The Sketch: Gordon would like to be seen as Mr Substance, but he talks a lot of piffle

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The Independent Online

He's not very sketch-friendly, Gordon (as Mariella couldn't bring herself to call him). He really is a world-class bore. It's not clear how many people agree with this proposition, or how much of a drawback it might be. He is certainly very popular with his people in the hall, he has a moral vision, he wants the best for us all but for (I'd guess) 38 per cent of the population, watching concrete set will have more narrative interest than seeing him answering questions.

There was one good laugh when he described Nixon as being "a bit gauche". That was daring, considering. The US president was described going round a welcome crowd in a newly independent African country shaking hands and repeatedly asking, "How does it feel to be free?" This told by the man who greeted a staff nurse on a hospital visit with the earnest inquiry: "And how's the modernisation going?"

But when you do listen closely, something surprising emerges. For someone who puts himself forward as Mr Substance he talks more lightweight piffle than you might think. Here are extracts from his Q&A.

Where schools are failing it's not good enough. People want to be treated as people. There will be dignity for everyone working in the economy. The whole world is to work together and not divide off into blocks. The tasks are: to listen and learn, involve and engage, govern and campaign. It is good to continue with the policy of reaching out. And how will he raise standards in schools? "By doing everything in our power."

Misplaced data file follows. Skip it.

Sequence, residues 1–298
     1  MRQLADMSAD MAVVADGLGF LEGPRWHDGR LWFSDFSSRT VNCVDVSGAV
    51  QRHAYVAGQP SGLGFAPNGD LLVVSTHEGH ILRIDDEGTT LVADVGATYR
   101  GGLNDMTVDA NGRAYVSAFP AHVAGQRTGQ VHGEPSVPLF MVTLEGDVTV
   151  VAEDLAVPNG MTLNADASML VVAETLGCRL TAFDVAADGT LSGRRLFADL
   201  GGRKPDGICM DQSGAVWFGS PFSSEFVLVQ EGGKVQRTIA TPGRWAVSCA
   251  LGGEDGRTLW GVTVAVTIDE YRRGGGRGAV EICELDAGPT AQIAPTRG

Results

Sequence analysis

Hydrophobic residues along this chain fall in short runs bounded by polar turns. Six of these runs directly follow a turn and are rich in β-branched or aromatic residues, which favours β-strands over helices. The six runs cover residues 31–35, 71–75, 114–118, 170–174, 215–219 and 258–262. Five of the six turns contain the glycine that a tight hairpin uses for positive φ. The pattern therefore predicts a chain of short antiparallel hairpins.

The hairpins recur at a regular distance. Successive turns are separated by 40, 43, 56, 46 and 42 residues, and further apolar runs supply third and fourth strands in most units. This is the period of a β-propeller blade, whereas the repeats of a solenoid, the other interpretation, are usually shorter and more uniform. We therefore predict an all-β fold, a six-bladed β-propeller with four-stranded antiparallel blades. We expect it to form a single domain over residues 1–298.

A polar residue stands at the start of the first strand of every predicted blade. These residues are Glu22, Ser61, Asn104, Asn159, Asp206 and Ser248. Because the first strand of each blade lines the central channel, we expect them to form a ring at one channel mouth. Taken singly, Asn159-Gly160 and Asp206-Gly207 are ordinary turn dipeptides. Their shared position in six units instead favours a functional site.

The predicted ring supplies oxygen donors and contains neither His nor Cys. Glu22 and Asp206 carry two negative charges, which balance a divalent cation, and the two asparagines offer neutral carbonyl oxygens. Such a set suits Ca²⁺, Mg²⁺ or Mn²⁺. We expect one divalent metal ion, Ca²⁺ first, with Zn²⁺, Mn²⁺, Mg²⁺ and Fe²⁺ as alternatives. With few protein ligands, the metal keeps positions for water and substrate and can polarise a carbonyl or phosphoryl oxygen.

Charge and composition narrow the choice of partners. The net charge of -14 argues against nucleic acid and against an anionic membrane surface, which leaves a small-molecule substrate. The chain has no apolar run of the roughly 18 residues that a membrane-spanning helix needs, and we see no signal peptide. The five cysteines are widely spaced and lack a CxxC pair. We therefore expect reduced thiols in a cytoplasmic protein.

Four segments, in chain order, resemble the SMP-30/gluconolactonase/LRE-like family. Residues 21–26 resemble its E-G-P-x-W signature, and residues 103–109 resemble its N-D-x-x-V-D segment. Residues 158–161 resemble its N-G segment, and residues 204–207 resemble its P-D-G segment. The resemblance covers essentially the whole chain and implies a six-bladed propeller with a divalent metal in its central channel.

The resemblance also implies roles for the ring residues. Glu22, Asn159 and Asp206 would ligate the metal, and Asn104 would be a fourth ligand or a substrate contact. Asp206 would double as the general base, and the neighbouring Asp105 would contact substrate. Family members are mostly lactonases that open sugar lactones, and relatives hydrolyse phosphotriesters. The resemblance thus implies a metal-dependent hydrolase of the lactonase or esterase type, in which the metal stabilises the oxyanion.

Asked when, exactly, we would be able to see our GPs in the way he had promised, he gave three answers: 1) Immediately; 2) Within weeks; 3) A review had been set up to look into it.

It is by no means clear how his objectives are to be reached other than by him telling people to do what he wants. And there lies the fruitful ground for pessimists.

Everything Gordon touches turns to politics. For some people, that's a positive. They actively like everyone being involved in politics. For them, it's a civic duty. But for others, applying to join a hierarchy with him at the top is very counter-productive of happiness. Citizen juries, reviews, commissions, hearings: his plan for "inclusion" is based on Britain becoming more and more politicised.

And remember: the more rights he gives us, the more responsibilities he'll be able to impose. This is all going in one direction, I promise you.

PS: "So that everyone can get the best chances," he said, twice. Didn't we laugh at that Labour chump who said that everyone was going to be above average? Gordon's plan seems to be that everyone is going to get a job at the Treasury. I'd like to be Chief Secretary, I think.